What's going on here, plainly, is an elaborate game of CYA — Groves is trying to imply that if these "doubts" became a problem, they were passed off to the AEC and shouldn't hang on his head. Lilienthal, shrewdly, tries to turn it around to make sure that they do, in fact, hang on Groves' head — he isn't willing to just take all of the responsibility here if they are kept on, and he doesn't also just want to do whatever Groves is implying he ought to do. Groves, in turn, was trying to deflect some of that themselves. They're creating a paper trail — one that was, indeed, later followed up.5
I find this sort of bureaucratic activity fascinating. It's not the sort of thing that gets into the grand narratives of history — either the Groves-Lilienthal exchange, or the diplomatic flareup that (apparently) led to Rotblat leaving the Manhattan Project. It's this sort of thing that gets washed away by straightforward, coherent narratives, replaced with stories of high ethics and morality, when so much of what went on from day-to-day was much more down to Earth in its considerations. This is one of the reasons I prefer working with archival materials more than secondary sources, personally; not because I don't trust the scholarship (I generally do) or that I don't get something out of it (ditto), but because I never feel I really understand what's going on until I've gone through all of the bureaucratic and minor miscellany myself, unearthing the mundane.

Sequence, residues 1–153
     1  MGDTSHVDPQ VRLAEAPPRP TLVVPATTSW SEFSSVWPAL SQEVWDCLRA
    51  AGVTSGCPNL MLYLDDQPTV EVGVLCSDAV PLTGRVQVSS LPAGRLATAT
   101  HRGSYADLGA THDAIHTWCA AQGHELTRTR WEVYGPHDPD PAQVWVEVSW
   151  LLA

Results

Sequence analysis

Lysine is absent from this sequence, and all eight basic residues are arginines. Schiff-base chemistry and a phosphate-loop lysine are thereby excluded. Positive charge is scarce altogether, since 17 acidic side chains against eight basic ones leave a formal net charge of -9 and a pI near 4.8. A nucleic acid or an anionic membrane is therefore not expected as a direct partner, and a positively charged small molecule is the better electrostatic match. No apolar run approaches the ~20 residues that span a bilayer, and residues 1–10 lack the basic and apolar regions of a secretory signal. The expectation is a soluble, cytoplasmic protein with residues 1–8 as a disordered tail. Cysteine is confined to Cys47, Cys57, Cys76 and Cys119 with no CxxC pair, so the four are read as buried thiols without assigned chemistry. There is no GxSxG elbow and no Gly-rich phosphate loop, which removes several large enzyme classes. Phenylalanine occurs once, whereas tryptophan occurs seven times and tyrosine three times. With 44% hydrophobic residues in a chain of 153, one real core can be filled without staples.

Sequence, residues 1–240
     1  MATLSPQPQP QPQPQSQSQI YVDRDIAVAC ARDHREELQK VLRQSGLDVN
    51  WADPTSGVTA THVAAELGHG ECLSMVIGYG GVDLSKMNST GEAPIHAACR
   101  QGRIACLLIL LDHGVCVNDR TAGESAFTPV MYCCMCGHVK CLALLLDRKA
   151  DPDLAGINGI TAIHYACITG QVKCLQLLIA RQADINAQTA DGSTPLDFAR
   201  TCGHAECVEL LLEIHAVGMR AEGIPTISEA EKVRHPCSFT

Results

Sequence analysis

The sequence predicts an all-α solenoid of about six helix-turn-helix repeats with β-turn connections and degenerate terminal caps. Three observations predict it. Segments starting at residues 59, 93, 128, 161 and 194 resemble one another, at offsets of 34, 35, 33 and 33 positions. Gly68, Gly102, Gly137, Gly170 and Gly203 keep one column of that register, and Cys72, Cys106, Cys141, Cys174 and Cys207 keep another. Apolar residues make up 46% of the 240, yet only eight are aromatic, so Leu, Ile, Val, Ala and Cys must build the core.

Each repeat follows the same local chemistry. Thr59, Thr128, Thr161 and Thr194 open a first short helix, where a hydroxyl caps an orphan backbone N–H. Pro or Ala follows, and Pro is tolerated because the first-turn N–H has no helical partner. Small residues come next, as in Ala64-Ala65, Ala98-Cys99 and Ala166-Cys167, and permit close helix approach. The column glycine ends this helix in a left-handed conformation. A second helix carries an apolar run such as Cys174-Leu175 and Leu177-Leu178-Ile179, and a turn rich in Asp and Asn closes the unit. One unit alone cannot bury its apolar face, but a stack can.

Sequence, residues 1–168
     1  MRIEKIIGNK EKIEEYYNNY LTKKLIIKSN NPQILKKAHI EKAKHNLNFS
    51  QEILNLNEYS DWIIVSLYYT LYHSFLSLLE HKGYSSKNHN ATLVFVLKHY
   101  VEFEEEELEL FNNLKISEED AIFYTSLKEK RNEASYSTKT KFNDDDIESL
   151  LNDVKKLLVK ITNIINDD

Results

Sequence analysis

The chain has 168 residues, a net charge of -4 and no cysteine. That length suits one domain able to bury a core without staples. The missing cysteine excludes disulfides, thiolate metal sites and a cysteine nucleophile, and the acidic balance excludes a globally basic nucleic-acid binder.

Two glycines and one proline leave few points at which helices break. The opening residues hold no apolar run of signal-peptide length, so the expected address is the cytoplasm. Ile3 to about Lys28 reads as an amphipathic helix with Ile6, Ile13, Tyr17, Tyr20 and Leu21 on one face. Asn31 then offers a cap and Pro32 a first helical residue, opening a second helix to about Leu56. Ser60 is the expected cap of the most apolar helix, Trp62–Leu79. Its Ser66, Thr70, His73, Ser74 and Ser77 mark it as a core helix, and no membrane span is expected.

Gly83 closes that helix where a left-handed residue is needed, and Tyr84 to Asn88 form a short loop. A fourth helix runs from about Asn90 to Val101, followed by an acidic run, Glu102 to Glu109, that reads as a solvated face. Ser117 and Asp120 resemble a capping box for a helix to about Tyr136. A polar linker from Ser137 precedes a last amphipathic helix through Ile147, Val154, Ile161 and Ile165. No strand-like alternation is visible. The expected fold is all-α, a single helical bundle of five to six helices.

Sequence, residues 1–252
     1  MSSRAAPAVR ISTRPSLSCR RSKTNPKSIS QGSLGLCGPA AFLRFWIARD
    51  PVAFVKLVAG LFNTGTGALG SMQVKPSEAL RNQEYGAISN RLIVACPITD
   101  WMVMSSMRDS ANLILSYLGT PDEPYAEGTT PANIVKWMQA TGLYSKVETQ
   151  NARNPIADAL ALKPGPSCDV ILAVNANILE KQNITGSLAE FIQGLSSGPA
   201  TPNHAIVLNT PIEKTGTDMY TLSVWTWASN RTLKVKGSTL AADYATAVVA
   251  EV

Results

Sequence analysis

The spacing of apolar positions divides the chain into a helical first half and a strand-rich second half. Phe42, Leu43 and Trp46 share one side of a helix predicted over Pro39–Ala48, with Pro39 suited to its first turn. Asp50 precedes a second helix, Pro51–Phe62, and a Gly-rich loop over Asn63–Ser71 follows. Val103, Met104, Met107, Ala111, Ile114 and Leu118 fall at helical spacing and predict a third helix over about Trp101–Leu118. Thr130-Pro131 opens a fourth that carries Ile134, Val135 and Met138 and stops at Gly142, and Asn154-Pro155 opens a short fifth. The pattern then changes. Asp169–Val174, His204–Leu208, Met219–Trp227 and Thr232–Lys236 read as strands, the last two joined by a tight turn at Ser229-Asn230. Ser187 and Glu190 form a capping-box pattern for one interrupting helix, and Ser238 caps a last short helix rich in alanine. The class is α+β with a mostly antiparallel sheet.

- I hadn't checked my dates before writing this; the "French problem" surfaced in December 1944, when the war in Europe was still going on, but the Nazis were no longer occupying France. Rotblat left the project that December as well, for England. [↩]
- I discuss this "French Problem," as it was called at the time, in my "Patenting the Bomb" article, because a large part of the dispute centered around promises the British had made the French regarding early French patents on nuclear reactors and bombs. [↩]
- Citation: Leslie R. Groves to David E. Lilienthal (14 November 1946), Records of the Atomic Energy Commission, RG 326, National Archives and Records Administration, College Park, Maryland, Office of Secretary, General Correspondence 1946-1951, Box 11, "Security Clearance of Personnel, Volume 1." [↩]
- The back-and-forth is contained in the Oppenheimer security hearing, page 169. [↩]
- When asked about this in the Oppenheimer hearing, Groves was pretty straightforward about it:
If I put it in writing, that they would always be thinking about the record. That is the reason that the letter was written. I have never made a practice of trying to protect myself on the record, but I thought this was one time that I could secure action, and it was not written really with the idea of clearing my skirts for something that might come up, such as this, many years hence. It was to make him do it whether he wanted to do it or not.
It's also clear that this was born out of the difficult relationship between Groves and Lilienthal. "Mr. Lilienthal had made it very plain that he wanted no advice of any kind from me. He wanted nothing whatsoever to do with me. He thought that I was the lowest kind of human being, and he was not going to get anything from me." Oppenheimer hearings, page 169. [↩]